And hark -- of thine own head take heed --
If thus Zuleika oft takes wing --
Thou see'st yon bow -- it hath a string!"





               V.

No sound from Selim's lip was heard,
  At least that met old Giaffir's ear,
But every frown and every word
Pierced keener than a Christian's sword.
  "Son of a slave! -- reproach'd with fear!
  Those gibes had cost another dear.
Son of a slave! and who my sire?"
  Thus held his thoughts their dark career,
And glances ev'n of more than ire
  Flash forth, then faintly disappear.
Old Giaffir gazed upon his son
  And started; for within his eye
He read how much his wrath had done;
He saw rebellion there begun:
  "Come hither, boy -- what, no reply?
I mark thee -- and I know thee too;
But there be deeds thou dar'st not do:
But if thy beard had manlier length,
And if thy hand had skill and strength,
I'd joy to see thee break a lance,
Albeit against my own perchance."

As sneeringly these accents fell,
On Selim's eye he fiercely gazed:
  That eye return'd him glance for glance,
And proudly to his sire's was raised,
  Till Giaffir's quail'd and shrunk askance --
And why -- he felt, but durst not tell.
"Much I misdoubt this wayward boy
Will one day work me more annoy:
I never loved him from his birth,
And -- but his arm is little worth,
And scarcely in the chase could cope
With timid fawn or antelope,
Far less would venture into strife
Where man contends for fame and life --
I would not trust that look or tone:
No -- nor the blood so near my own.

That blood -- he hath not heard -- no more --
I'll watch him closer than before.
He is an Arab to my sight, [5]
Or Christian crouching in the fight --
But hark! -- I hear Zuleika's voice;
  Like Houris' hymn it meets mine ear:
She is the offspring of my choice;
  Oh! more than ev'n her mother dear,
With all to hope, and nought to fear --
My Peri! -- ever welcome here!
Sweet, as the desert fountain's wave,
To lips just cool'd in time to save --
  Such to my longing sight art thou;
Nor can they waft to Mecca's shrine
More thanks for life, than I for thine,
  Who blest thy birth, and bless thee now."

                  VI.

Fair, as the first that fell of womankind,
  When on that dread yet lovely serpent smiling,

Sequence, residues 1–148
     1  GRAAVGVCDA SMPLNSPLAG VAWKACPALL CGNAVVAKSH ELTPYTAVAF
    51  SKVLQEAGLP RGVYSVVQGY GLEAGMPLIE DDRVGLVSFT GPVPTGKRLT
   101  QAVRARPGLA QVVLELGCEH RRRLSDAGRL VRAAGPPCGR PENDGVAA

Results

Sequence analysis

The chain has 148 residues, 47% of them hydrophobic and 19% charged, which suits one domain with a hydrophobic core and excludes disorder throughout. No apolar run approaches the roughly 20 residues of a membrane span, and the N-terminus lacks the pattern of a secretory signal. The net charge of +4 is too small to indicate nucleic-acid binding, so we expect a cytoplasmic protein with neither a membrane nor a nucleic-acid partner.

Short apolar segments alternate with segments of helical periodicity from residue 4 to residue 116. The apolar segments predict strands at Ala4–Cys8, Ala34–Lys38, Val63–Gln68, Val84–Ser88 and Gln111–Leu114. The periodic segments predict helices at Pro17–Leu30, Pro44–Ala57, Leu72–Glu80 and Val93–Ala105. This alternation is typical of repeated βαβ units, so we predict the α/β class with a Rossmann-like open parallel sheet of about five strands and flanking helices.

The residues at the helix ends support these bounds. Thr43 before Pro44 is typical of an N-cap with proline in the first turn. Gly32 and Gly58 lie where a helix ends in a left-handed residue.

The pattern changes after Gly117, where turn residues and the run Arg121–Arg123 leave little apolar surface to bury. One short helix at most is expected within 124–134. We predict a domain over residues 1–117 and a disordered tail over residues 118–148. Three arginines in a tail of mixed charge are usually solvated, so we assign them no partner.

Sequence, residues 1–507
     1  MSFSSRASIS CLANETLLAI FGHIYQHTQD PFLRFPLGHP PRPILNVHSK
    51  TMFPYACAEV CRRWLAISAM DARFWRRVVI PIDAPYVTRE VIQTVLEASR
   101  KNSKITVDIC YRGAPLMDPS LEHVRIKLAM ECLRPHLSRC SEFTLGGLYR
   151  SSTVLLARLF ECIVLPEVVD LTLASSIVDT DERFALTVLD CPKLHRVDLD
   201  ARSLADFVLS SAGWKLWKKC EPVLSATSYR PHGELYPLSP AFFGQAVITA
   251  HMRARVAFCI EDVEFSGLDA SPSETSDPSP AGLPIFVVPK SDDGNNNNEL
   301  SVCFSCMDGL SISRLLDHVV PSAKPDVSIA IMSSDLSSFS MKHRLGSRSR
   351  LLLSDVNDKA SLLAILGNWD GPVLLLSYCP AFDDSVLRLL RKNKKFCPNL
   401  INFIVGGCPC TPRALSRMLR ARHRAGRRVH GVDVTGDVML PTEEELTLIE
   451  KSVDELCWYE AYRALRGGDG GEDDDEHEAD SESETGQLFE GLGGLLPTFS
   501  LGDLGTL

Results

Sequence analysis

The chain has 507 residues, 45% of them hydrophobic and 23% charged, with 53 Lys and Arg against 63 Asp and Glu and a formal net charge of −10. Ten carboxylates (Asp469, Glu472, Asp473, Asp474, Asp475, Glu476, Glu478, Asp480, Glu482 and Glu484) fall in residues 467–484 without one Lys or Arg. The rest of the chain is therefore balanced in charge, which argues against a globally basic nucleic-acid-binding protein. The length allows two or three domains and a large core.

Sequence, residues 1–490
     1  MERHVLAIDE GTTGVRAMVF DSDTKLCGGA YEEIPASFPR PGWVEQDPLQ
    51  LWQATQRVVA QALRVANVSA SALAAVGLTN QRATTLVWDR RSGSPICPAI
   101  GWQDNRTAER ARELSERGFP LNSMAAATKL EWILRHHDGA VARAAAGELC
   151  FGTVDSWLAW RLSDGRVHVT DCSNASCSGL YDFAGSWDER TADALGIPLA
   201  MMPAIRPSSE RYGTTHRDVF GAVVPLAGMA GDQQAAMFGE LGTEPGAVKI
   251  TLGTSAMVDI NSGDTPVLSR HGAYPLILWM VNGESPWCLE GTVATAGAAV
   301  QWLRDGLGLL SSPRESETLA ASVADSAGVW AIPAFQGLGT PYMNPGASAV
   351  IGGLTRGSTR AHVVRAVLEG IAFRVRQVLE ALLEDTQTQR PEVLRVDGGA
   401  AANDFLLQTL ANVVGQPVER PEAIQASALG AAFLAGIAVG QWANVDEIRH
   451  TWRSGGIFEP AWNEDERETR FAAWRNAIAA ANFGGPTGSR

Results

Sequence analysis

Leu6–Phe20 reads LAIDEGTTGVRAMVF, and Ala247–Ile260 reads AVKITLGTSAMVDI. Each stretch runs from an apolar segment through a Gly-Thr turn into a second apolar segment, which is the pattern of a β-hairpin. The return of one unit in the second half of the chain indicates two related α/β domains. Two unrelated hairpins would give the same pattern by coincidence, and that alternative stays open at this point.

Whose image then was stamp'd upon her mind --
  But once beguiled -- and evermore beguiling;
Dazzling, as that, oh! too transcendent vision
  To Sorrow's phantom-peopled slumber given,
When heart meets heart again in dreams Elysian,
  And paints the lost on Earth revived in Heaven;
Soft, as the memory of buried love;
Pure as the prayer which Childhood wafts above,
Was she -- the daughter of that rude old Chief,
Who met the maid with tears -- but not of grief.

Who hath not proved how feebly words essay
To fix one spark of Beauty's heavenly ray?
Who doth not feel, until his failing sight
Faints into dimness with its own delight,
His changing cheek, his sinking heart confess
The might -- the majesty of Loveliness?
Such was Zuleika -- such around her shone
The nameless charms unmark'd by her alone;
The light of love, the purity of grace,
The mind, the Music breathing from her face, [6]
The heart whose softness harmonised the whole --
And, oh! that eye was in itself a Soul!

Her graceful arms in meekness bending
  Across her gently-budding breast;
At one kind word those arms extending
  To clasp the neck of him who blest
  His child caressing and carest,
  Zuleika came -- Giaffir felt
  His purpose half within him melt;
  Not that against her fancied weal
  His heart though stern could ever feel;
  Affection chain'd her to that heart;
  Ambition tore the links apart.

              VII.

"Zuleika! child of gentleness!
  How dear this very day must tell,
When I forget my own distress,
  In losing what I love so well,
  To bid thee with another dwell:
  Another! and a braver man
  Was never seen in battle's van.
We Moslems reck not much of blood;
  But yet the line of Carasman [7]
Unchanged, unchangeable, hath stood
  First of the bold Timariot bands
That won and well can keep their lands.
Enough that he who comes to woo
Is kinsman of the Bey Oglou:
His years need scarce a thought employ:
I would not have thee wed a boy.
And thou shalt have a noble dower:
And his and my united power
Will laugh to scorn the death-firman,
Which others tremble but to scan,
And teach the messenger what fate
The bearer of such boon may wait, [8]
And now thy know'st thy father's will;
  All that thy sex hath need to know:
'Twas mine to teach obedience still --
  The way to love, thy lord may show."

               VIII.

In silence bow'd the virgin's head;
  And if her eye was fill'd with tears
That stifled feeling dare not shed,
And changed her cheek to pale to red,
  And red to pale, as through her ears
Those winged words like arrows sped,
  What could such be but maiden fears?
So bright the tear in Beauty's eye,
Love half regrets to kiss it dry;